A look at the long term effects of Covid-19 on the nanny industry 
Covid-19 has had a devastating effect on the economy and at the time of writing (July 2020) it doesnt seem to be going anywhere fast. One good thing to come out of the Covid crisis, however, is highlighting the importance of a nanny's role.  
When we went into lockdown, schools, nurseries and childminders all had to close their doors. Nannies were the only form of operational childcare and of course the safest, as a nanny (usually) only works with one family, keeping the circle of contact small. As time went by and lockdown eased, Rosebud Nanny Agency had a lot of calls from families who were now leaning towards a nanny over nursery for this reason. 
The fact is, we dont know how long this will linger. How long will it be before a child with a cough, or a raised temperature, is allowed to continue at nursery instead of being sent home to isolate for 2 weeks? I have seen an increase in families choosing the nanny route for their childcare now, and a number have cited the security of continuous childcare as the deciding factor for them.  
The other change we will continue to see going forward is parents working from home a lot more. Pre-lockdown, it was common for nanny employers to be mostly out of the house for work, with some parents working a day or so per week from home. With huge adjustments from businesses during CV-19 to allow their employees flexible working from home, it seems highly likely that this will continue going forward - a lot of my clients already know they'll likely work from home until the end of 2020, and it seems will then continue working from home a few days per week.  
Nannies are used to taking sole charge of the children whilst parents work, so this will be an adjustment. With young children, it can be tough for them to understand that even though mum and dad are here, they're not to be disturbed - it is so important that the nanny and the employers discuss how best to approach this new working pattern. 
On the other hand, parents having set work from home days could see a reduction in the nanny's working hours - nannies typically work 11-12 hour days, to cover the employers working hours + commute time. With parents home more, we could see a change to typical nanny hours with a couple of long days (7.30-6.30 / 7am-7pm) and the rest of the week working more 'office hours' of 8.30-5.30/ 8-6! 
All we know for sure is that Covid-19 will leave lasting changes to the nanny industry (and the rest of the world)! 
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On 9th July 2020 at 21:57, Marta Capova wrote:
That’s true. But unfortunately there is more what is going to affect nannies a lot.
1/ Salary..
As I am in progress of finding a new position (I have resigned before Covid-19 and gave 4 months notice with extention till September because of bad situation for parents) I can see that parents offering lower salary than before.

2/ Less hours...
As you mentioned nannies usually works around 10-12 hours per day and mostly 5 days a week. Lately I see lots of positions just for 2-4 days and mostly max 10 hours per day.

3/ Expectations
Nannies usually do just child related stuff but now parents prefer nannies who will also do at least partly housekeeping, family laundry and cooking for whole family.

4/ Transportation
In the past parents didn’t mind if nanny traveled to work by public transport but lately moat of them want nanny who can walk or cycle to work and live locally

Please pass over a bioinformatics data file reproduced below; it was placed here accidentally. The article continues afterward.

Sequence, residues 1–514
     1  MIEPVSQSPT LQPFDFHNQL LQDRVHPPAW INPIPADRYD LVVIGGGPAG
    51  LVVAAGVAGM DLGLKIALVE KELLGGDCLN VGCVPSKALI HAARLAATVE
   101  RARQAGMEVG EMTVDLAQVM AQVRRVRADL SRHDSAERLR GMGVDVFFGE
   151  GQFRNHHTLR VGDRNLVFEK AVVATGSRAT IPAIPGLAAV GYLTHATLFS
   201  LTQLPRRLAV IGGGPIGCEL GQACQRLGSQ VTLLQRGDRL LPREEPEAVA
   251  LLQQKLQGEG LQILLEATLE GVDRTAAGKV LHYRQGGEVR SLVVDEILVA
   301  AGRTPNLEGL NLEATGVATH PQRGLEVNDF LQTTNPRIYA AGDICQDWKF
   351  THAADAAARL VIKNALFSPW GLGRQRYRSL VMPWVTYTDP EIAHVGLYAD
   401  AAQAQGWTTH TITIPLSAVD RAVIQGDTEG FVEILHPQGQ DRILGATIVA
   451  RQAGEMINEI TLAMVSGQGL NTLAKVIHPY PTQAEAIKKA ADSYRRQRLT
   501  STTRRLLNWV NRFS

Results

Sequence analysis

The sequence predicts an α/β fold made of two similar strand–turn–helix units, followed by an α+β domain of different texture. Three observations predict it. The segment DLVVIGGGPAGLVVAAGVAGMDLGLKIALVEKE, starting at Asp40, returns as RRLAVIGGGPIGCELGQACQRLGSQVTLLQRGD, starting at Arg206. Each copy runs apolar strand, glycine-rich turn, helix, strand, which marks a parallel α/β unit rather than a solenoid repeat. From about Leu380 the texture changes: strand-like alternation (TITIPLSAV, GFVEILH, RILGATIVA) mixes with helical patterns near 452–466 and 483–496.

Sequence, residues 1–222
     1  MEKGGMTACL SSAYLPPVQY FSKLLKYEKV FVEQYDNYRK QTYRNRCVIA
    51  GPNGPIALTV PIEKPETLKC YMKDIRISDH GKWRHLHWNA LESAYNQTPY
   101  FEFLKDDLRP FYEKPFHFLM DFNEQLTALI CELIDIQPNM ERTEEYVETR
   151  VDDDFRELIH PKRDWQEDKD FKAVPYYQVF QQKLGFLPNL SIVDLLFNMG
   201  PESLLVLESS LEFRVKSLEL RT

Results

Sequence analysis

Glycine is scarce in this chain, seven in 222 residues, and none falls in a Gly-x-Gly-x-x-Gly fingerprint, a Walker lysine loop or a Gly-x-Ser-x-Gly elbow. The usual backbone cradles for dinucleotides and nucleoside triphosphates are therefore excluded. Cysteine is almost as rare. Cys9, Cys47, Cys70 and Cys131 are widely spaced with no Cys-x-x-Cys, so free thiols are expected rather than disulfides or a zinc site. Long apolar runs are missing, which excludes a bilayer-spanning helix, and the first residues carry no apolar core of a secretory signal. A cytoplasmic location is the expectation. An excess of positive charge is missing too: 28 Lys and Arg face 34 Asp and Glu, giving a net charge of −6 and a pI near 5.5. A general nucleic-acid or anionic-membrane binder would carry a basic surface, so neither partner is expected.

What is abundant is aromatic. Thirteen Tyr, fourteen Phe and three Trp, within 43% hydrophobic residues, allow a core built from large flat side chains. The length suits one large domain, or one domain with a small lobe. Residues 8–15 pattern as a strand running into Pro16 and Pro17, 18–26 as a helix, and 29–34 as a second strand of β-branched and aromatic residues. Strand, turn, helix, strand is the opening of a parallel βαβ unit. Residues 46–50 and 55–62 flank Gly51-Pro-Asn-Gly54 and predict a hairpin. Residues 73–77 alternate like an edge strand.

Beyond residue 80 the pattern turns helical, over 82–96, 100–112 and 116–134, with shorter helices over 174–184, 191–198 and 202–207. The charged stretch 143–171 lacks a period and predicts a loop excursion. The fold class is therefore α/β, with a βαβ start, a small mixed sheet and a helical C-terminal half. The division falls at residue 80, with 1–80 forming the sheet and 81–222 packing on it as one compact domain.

5/ “new nannies”
Well lots of girls decided to work in this childcare industry as there was and still is quite big demand and despite the fact that they doesn’t have any (or just little) experiences with nannying they call them self nannies and asking for nonsense salary. Too low which does does have huge impact on professionals nannies with qualifications or just too much for no experiences

6/ Change of conditions of work place
Parents working from home forgetting that their house is also nanny office and nannies needs some space to work effectively. That nanny needs her brake during the day as well , eat lunch in peace and have some quite time when children are sleeping/watching TV etc...it’s nice to have chat with parents sometimes but...

I have been working through lock down nonstop. I am tired, moody, don’t want to talk to parents every day and tidy up after their breakfast and lunch. I don’t want to walk dog twice a day but just once a day as that’s what we agreed many years ago. I don’t want to go for grocery several times per week because it is 5 of us in the house and not just 3 as it used to be.... I would like to have my smile back on my face, enjoy my work, meet other nanny friends in the park finally. But I am also looking forward to finish my position in a few weeks and have some brake before I will start the new one. And yes, I am very afraid of the future as it is not going be same like before Covid-19.

On 9th July 2020 at 10:34, Emma wrote:
From my own personal point of view, short hours would suit someone like me with a child at school as I’ve struggled for years finding jobs to fit around my own child so could potentially help some parent nannies.
On 8th July 2020 at 19:06, Margaret. Project action wrote:
This is true and I feel there will be a lot of part time jobs available. Nannies may have to look at taking two roles. Working with parents at home means working out ways of organising the ‘rules’. About allowing parents to work. It’s manageable just needs a conversation on reviewing this.
On 8th July 2020 at 15:28, Libby wrote:
Great article, it hi-lights the importance of good communication between nannies and parents.
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